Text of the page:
Even more fatal than those femmes are the women at the heart of the series’ penultimate twin bill, two from Pepe le Moko director Julien Duvivier. Tense, riveting Chair de poule (Highway Pickup) (1964), a James Hadley Chase adaptation stars Robert Hossein as an escaped safecracker who finds himself caught between the friendly mechanic (Georges Wilson) who gives him a job at an isolated gas station and the man’s bored wife (Catherine Rouvel) who wants him to steal her husband’s money. Danièle Delorme is one of cinema’s great bad girls in Voici le temps des assassins (Deadlier than the Male) (1956), a vixen who turns her seductive wiles on Jean Gabin’s good-hearted Les Halles chef. As the full scope of her designs on a man who at first sees himself strictly as a father figure become clear, the drama evolves into a chilling nail-biter.
There are three more twin bills in the program. Rene Clair’s Les maudits (The Damned) (1947), a claustrophobic World War II thriller, and Henry Vernueil’s Une manche et la belle (A Kiss for a Killer) (1957), about a kept man plotting to kill his rich wife, demonstrate the range of ill-fated actor Henri Vidal, a matinee idol who died at 40 in 1959.
Toi le venin (Blonde in a White Car) (1958) and Un témoin dans la ville (Witness in the City) (1959) are dramas set in motion on the road, the former starring Robert Hossein as a man trying to decide which of two sisters offered him a ride one night, seduced him, and then threatened his life. Un témoin dans la ville , one of the most action-packed noirs in the festival, pits a man (Lino Ventura) determined to silence the cabbie who could place him at the scene of a murder against Paris’ entire taxi community.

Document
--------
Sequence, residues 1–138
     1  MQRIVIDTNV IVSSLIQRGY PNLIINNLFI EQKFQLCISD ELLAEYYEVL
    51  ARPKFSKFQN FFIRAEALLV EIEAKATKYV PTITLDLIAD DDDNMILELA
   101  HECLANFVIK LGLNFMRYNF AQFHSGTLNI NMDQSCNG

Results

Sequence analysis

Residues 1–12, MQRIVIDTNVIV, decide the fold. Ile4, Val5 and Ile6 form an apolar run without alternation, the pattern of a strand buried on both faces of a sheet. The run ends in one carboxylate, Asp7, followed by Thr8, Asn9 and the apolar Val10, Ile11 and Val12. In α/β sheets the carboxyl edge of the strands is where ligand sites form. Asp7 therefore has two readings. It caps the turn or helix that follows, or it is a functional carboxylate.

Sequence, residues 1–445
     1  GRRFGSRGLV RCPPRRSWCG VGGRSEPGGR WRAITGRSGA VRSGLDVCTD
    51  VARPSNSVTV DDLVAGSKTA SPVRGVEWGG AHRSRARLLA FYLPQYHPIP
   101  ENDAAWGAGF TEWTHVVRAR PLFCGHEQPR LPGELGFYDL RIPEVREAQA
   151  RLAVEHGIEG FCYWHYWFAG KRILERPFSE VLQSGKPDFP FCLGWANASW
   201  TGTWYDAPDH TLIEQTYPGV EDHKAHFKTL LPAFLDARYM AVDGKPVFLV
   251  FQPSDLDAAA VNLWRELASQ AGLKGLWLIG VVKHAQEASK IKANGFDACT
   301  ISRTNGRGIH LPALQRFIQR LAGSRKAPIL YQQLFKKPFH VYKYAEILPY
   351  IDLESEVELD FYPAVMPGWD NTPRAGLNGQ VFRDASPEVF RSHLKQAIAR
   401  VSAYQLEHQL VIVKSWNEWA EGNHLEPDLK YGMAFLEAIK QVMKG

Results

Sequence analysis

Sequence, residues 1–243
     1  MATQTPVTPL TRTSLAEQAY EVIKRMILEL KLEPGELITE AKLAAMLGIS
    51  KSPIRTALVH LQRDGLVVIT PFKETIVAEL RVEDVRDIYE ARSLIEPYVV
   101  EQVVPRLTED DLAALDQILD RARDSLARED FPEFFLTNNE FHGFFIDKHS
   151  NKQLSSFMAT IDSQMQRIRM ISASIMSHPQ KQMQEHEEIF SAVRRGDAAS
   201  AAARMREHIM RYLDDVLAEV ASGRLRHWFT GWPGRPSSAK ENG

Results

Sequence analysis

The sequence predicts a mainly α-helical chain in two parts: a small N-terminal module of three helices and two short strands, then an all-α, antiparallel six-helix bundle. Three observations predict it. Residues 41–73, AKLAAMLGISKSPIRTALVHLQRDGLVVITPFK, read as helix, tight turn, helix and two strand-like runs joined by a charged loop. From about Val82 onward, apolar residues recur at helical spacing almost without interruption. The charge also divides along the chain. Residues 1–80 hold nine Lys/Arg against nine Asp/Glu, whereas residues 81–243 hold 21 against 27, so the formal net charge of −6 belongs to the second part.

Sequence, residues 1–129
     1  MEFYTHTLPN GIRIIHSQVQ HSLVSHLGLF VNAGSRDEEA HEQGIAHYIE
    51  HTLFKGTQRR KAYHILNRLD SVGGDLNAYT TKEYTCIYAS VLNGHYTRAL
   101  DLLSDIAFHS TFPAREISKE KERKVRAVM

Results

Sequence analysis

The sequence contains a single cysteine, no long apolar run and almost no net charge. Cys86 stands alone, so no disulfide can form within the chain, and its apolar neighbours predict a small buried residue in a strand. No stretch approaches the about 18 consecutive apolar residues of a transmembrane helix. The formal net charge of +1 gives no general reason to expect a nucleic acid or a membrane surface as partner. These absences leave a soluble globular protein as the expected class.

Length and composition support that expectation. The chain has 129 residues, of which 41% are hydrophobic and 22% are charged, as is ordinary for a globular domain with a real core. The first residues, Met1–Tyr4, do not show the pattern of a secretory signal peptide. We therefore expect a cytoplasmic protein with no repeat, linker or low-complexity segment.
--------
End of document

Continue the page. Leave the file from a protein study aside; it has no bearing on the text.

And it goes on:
Simone Signoret and Brigitte Bardot are the working girls desperate to escape dead-end lives at the heart of, respectively, Yves Allegret’s Dedee d’Anvers (1948) and Claude Autant-Lara’s En cas de malheur (Love Is My Profession) (1958). Signoret’s Dedee is poignant in her struggle to free herself of a vicious pimp (Marcel Dalio), while Bardot plays another spoiled child in the bleakly romantic En cas de malheur , a young woman who seduces her lawyer (Jean Gabin) but refuses to break up with her volatile factory worker boyfriend (Franco Interlenghi).
The Roxie’s latest trek down noir’s dark lonely streets is an entrancing one. The digital images are as gorgeous as the film’s ravishing stars. The titles are genuinely extraordinary, not just films rarely (if ever) screened in the United States, but also ones that are mostly unavailable on DVD or streaming. Best of all, these French twists on an American genre are sexy, suspenseful, and sublimely somber.
Pam Grady is a San Francisco-based freelance writer whose work has appeared in the San Francisco Chronicle, Box Office, Keyframe, and other publications.